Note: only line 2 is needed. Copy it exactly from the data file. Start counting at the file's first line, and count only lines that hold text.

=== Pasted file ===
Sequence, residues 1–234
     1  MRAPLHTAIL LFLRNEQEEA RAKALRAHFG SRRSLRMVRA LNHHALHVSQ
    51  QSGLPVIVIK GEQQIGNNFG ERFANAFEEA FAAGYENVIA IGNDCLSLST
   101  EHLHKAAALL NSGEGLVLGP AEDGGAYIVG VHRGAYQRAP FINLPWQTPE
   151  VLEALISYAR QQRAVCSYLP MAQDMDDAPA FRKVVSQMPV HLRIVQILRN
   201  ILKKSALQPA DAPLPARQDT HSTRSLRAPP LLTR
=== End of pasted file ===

     1  MRAPLHTAIL LFLRNEQEEA RAKALRAHFG SRRSLRMVRA LNHHALHVSQ